The Call of the Master Craftsman

I find myself watching “The Lord of the Rings” Trilogy again, from beginning to end. I’ve watched it countless times, and before they were films, I counted myself among the thousands of fans of the books. For me, the Trilogy stands as one of greatest set of books ever written, especially considering that it really was the foundation for an entire genre of literature.

I’m getting closer and closer myself to retirement, and the thing they keep telling you is to make sure you have a purpose before you retire. How are you going to spend your last few years? What will be important to you? It’s obvious to me that I want to write books. That’s a given. But in addition to the excitement of having all that free time to work on my projects, there is a degree of trepidation that I am feeling as well. Because when you take away all the excuses, then, well you have to deliver. I can’t say teaching is in the way of my writing anymore, can I? No excuses. If I fall on my face, there is no one and nothing to blame but myself.

But as I think about it, I think about my goal in all this. Why am I spending my last years writing, other than simply the fact that I enjoy writing? (The reality is that some days I actually hate it, but enjoy having done it.) Am I doing it to make money? To become famous? To get on the New York Times bestseller list? I heard today that Bob Dylan was awarded the Nobel Prize for Literature today. I will have to admit that all of these things were at one time or another a goal of mine. But if I’m being honest with myself, that’s not really what’s it’s about.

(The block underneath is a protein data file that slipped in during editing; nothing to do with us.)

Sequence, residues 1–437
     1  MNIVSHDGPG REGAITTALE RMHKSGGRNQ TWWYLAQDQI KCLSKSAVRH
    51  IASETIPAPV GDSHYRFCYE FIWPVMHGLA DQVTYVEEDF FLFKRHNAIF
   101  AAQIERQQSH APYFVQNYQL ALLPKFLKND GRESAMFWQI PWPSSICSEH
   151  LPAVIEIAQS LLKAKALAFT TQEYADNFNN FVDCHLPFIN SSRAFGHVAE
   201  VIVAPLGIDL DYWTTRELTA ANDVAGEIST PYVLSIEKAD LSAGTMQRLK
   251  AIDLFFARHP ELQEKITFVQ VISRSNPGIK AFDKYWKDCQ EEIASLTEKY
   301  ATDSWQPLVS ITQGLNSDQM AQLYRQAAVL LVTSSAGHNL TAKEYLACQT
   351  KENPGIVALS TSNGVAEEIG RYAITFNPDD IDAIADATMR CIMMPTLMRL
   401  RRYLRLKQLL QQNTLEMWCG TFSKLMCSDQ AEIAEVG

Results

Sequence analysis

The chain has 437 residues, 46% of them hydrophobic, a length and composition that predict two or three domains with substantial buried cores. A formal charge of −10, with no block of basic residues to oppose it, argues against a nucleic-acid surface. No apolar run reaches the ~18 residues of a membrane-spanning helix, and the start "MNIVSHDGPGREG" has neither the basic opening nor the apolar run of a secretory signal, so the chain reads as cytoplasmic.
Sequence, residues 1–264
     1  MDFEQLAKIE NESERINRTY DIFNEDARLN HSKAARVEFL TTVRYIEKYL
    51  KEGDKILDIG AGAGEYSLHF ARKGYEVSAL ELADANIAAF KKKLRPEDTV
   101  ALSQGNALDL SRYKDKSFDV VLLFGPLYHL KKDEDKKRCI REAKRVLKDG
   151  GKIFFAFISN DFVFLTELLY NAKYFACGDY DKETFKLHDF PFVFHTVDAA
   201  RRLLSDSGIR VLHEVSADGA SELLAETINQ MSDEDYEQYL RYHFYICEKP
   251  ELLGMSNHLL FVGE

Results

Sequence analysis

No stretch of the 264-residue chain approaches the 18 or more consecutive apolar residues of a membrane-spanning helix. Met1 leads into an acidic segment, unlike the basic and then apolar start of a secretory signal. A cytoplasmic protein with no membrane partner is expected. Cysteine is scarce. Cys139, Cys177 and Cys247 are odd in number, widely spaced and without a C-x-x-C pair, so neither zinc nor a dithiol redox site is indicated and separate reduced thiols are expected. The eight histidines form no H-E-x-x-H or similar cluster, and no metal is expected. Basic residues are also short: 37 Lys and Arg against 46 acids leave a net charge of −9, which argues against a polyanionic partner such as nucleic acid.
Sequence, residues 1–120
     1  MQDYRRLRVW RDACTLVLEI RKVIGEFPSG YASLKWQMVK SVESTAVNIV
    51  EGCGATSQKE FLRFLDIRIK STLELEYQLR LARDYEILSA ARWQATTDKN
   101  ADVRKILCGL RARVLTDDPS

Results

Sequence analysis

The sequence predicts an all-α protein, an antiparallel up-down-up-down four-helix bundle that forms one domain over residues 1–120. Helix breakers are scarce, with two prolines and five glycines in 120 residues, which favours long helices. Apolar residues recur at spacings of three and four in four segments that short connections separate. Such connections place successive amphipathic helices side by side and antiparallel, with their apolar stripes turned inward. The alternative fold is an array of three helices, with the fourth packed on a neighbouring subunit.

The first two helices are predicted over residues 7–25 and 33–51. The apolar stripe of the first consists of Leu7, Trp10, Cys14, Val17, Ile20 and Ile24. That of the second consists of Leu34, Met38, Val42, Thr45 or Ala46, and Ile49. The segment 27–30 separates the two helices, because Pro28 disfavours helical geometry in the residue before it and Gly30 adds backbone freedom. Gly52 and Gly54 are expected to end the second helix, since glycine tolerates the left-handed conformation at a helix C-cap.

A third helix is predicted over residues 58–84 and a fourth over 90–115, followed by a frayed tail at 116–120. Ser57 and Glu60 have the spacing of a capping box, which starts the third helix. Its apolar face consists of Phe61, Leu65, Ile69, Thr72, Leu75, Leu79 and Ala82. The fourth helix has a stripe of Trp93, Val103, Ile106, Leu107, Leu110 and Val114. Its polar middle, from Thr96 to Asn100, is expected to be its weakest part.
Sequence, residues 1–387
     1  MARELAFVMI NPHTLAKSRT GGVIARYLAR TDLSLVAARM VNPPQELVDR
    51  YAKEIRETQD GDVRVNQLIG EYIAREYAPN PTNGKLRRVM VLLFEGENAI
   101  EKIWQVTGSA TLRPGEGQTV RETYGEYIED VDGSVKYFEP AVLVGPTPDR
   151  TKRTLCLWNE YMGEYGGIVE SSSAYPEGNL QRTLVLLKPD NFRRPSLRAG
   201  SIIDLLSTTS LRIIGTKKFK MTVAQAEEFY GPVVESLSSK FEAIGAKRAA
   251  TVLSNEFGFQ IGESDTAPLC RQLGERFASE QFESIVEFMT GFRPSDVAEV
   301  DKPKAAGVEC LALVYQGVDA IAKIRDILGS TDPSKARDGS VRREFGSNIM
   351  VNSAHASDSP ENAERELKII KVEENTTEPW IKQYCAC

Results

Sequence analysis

Watching “The Lord of the Rings,” I remember the feeling of anticipation as I looked forward to the next film coming out. I’ve felt that way with books too. There’s nothing I love more than to find a book series that I can love, that I can lose myself in and lose track of time. It doesn’t matter how long it is; in fact, the longer the better. That’s a mark of craftsmanship to me. When I find myself wondering if I can endure the last 200 pages of a book, that’s not a good sign. But when I sigh in regret because the book is ending too soon, that’s good. That’s what I want from my books.

It would be good for my books to outlast me. I would like that. That’s what I will try for.